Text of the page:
If you have an outstanding tape, it is possible, not guaranteed to get a recommendation from the County/District Attorney that your D.W.I. charge be reduced to an obstruction of a highway charge, or reckless driving. This charge is still a Class B misdemeanor, but you can get deferred adjudication which means that, after a period of probation, the obstruction of a highway charge will be dismissed but your record will only show Deferred Adjudication or no finding of guilt. If the D.A. will not recommend a plea reduction, you can still plea to the DWI. In Travis County, the standard plea is (1) no deferred adjudication, (2) 6 months in jail probated for 2 years, (3) fine, (4) court costs, and other court imposed probationary requirements including payment to crime stoppers, drug and alcohol awareness, and community service among other items.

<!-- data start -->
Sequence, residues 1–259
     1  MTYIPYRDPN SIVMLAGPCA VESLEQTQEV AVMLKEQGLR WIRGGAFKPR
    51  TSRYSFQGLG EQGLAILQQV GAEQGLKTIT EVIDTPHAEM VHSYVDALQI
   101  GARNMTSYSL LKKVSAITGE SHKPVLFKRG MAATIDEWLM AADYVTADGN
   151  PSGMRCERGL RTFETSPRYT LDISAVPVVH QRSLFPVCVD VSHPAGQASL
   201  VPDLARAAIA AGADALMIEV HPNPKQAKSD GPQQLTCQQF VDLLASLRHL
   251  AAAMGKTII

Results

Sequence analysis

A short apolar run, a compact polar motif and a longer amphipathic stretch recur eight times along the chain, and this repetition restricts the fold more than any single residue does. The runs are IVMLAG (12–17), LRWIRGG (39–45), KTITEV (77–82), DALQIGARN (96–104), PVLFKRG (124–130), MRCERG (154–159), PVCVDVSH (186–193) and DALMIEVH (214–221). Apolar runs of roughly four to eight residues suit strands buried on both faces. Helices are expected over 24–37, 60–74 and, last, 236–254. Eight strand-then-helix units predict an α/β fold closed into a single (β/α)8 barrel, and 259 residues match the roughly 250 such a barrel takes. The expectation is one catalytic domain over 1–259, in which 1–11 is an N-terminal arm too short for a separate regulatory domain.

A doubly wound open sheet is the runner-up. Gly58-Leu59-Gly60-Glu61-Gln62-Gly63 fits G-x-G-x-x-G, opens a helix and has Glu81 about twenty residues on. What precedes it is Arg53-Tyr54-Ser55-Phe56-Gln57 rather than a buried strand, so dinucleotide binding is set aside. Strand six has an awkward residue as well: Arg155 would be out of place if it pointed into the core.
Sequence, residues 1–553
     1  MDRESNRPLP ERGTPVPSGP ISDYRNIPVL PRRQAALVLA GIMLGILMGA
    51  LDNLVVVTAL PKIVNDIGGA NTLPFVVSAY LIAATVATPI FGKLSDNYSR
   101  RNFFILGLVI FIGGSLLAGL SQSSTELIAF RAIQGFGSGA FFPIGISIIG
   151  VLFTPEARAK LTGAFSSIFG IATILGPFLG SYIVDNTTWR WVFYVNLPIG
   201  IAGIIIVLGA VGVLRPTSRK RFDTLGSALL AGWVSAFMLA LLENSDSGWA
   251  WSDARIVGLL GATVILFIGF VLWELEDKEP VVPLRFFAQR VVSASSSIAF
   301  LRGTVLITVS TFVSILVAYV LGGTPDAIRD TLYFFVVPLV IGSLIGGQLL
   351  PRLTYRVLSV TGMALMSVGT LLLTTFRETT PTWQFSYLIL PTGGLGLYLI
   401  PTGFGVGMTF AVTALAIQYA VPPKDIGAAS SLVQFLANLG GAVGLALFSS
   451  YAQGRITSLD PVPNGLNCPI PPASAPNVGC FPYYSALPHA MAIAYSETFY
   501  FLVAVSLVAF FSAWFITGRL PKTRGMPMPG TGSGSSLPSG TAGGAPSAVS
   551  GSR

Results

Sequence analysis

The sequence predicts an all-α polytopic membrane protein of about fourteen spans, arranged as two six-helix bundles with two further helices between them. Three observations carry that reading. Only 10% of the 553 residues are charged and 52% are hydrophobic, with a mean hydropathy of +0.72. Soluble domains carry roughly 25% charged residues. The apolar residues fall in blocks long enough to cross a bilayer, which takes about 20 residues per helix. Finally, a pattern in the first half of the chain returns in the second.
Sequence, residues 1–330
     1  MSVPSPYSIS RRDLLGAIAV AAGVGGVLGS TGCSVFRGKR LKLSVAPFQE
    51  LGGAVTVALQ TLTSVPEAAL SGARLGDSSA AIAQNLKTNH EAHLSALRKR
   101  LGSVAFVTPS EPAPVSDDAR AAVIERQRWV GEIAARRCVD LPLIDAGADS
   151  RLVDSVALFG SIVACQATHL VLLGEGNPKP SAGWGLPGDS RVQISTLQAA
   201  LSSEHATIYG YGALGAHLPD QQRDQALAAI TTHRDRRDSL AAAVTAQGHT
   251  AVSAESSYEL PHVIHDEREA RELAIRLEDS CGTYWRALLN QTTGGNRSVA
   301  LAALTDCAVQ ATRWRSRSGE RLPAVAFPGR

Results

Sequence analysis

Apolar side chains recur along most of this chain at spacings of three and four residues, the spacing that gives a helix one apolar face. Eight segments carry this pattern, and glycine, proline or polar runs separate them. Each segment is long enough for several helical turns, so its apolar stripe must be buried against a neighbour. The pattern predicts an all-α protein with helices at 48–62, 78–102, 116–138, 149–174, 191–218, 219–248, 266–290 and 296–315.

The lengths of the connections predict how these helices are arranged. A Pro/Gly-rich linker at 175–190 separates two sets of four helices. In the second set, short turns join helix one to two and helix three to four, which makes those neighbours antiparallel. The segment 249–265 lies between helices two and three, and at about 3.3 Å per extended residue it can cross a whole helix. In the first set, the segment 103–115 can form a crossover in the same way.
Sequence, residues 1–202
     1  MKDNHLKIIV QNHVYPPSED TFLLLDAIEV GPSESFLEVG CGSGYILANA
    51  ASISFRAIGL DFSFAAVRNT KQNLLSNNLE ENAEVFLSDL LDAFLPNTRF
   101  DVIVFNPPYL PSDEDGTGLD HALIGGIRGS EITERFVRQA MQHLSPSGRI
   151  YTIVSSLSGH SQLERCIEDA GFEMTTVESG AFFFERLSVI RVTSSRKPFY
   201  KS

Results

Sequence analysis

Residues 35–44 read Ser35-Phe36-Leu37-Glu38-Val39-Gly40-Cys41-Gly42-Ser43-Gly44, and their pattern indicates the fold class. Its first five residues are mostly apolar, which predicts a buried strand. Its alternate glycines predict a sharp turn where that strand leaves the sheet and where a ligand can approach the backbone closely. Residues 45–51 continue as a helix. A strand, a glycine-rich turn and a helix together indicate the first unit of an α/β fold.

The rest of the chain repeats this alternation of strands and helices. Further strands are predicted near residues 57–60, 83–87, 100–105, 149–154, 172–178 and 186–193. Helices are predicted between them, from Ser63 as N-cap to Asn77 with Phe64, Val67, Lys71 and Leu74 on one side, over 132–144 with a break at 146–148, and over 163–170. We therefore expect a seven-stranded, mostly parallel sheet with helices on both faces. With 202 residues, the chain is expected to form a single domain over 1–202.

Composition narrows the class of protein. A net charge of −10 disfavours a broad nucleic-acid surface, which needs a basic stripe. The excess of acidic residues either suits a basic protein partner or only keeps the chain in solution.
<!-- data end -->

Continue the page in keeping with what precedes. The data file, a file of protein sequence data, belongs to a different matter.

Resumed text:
If you would like to try the cause, we will likely exercise your constitional right to a jury trial. The jury will either render a not guilty verdict or guilty if the government proves their case beyond a reasonable doubt. If found guilty, punishment is usually assessed in the same manner as a straight up plea. If you are found not guilty, you are entitled to have your criminal records expunged. All documents relating to your arrest will be destroyed.
9. Expungement of Criminal Records
If not guilty, please have the records expunged! Remove the alcohol related contact from your driving record. Further, you do not want any subsequent D.W.I charge or other criminal matter to reflect this charge.
10. Attorney’s Fees and Costs
Payment plans are available! I understand to hire an attorney for your DWI defense can get expensive. Although it is your right to defend yourself in the court of law it does not come recommended! Cost, aside think about your future and hire an attorney. I care and that is why I am willing to work with you.
That is why we take payment plans, and credit cards.